A loan helped to pay for farm inputs and hired labor to grow more crops on the horticultural farm, make profits, and, as a single woman, support her children.


Milkah's story

For a number of reasons, Milkah (pictured above) is working very hard in life. First, she is the only voice of hope for her children, and secondly, she does not want her children to suffer. Milkah is a mixed farmer who injects passion and determination in everything that she does. Through farming, her children can learn smoothly without the fear of being sent away from school. This level of success has been fuelled by, among her things, her desire to succeed, her work ethic, and her passion.

In Kenya, agriculture is one of the most competitive industries, especially due to the high cost of operations necessary to improve farming. Such costs include the cost of land acquisition and inputs, which have always skyrocketed. To meet the high cost of inputs, farmers have been forced to borrow from financial institutions, which sometimes impose very complicated procedures in loan distribution. Some farmers, especially women, end up hopeless, despondent, and lacking the morale to invest in agriculture. As a well-versed farmer, Milkah has taken a loan of 30,000 KES that she will use to pay for farm inputs and hired labour to grow more crops on the horticultural farm. It takes a lot for a smallholder farmer to risk limited resources to expand a farm business. She wishes to make more profits, to enable her to make more income. This loan will have a lasting impact in her heart.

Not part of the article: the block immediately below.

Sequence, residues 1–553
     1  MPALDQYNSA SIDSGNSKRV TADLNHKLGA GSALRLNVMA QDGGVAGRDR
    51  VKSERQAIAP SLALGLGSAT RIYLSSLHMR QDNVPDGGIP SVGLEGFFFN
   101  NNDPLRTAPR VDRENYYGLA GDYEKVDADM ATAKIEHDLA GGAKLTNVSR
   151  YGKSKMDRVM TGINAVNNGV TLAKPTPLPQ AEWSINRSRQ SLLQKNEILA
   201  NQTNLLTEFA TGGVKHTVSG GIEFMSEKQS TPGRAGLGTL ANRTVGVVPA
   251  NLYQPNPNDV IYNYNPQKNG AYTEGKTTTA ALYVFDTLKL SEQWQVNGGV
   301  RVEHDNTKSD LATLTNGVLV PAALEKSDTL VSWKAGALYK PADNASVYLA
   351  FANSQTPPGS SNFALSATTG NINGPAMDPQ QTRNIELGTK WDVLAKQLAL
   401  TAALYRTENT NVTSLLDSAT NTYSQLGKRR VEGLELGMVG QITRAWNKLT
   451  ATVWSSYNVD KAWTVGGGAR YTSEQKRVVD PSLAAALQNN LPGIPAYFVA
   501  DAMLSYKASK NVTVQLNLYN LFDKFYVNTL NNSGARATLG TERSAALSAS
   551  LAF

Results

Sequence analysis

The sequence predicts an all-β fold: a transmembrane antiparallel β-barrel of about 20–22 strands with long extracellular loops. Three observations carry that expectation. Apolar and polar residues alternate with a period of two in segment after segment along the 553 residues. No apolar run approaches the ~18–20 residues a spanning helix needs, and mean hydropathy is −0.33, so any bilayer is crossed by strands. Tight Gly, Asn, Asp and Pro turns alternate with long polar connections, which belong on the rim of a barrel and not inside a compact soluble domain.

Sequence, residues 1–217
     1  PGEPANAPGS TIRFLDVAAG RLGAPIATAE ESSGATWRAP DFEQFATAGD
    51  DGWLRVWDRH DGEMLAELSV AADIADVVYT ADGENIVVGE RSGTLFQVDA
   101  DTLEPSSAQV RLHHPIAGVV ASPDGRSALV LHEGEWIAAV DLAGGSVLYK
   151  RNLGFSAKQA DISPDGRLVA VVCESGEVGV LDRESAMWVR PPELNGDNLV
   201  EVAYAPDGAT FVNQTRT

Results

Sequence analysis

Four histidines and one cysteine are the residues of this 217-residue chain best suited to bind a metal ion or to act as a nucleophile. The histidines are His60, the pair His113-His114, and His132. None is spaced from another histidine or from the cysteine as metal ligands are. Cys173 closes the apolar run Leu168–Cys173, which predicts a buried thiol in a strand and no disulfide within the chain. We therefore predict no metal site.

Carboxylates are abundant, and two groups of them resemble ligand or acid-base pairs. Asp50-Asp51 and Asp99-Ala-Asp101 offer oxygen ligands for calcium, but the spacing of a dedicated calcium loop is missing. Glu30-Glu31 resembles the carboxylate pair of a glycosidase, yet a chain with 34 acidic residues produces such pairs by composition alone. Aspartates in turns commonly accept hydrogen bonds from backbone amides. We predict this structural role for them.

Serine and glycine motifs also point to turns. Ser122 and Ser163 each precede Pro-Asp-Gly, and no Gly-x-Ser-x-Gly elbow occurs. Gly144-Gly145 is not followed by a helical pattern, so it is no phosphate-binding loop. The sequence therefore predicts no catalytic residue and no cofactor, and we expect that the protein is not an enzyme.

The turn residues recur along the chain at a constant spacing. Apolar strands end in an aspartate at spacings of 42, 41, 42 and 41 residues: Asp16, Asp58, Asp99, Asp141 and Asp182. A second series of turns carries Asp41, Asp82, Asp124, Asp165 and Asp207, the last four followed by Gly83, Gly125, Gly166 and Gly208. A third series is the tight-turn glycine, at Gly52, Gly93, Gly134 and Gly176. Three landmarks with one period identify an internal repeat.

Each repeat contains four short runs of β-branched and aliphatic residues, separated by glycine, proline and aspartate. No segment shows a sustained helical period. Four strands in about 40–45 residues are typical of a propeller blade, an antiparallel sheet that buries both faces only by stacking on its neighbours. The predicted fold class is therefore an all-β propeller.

This loan is special because:

It finances smallholder farmers to purchase dairy cows, chickens, cereals and farming equipment.



Loan details


Lenders and lending teams




Loan details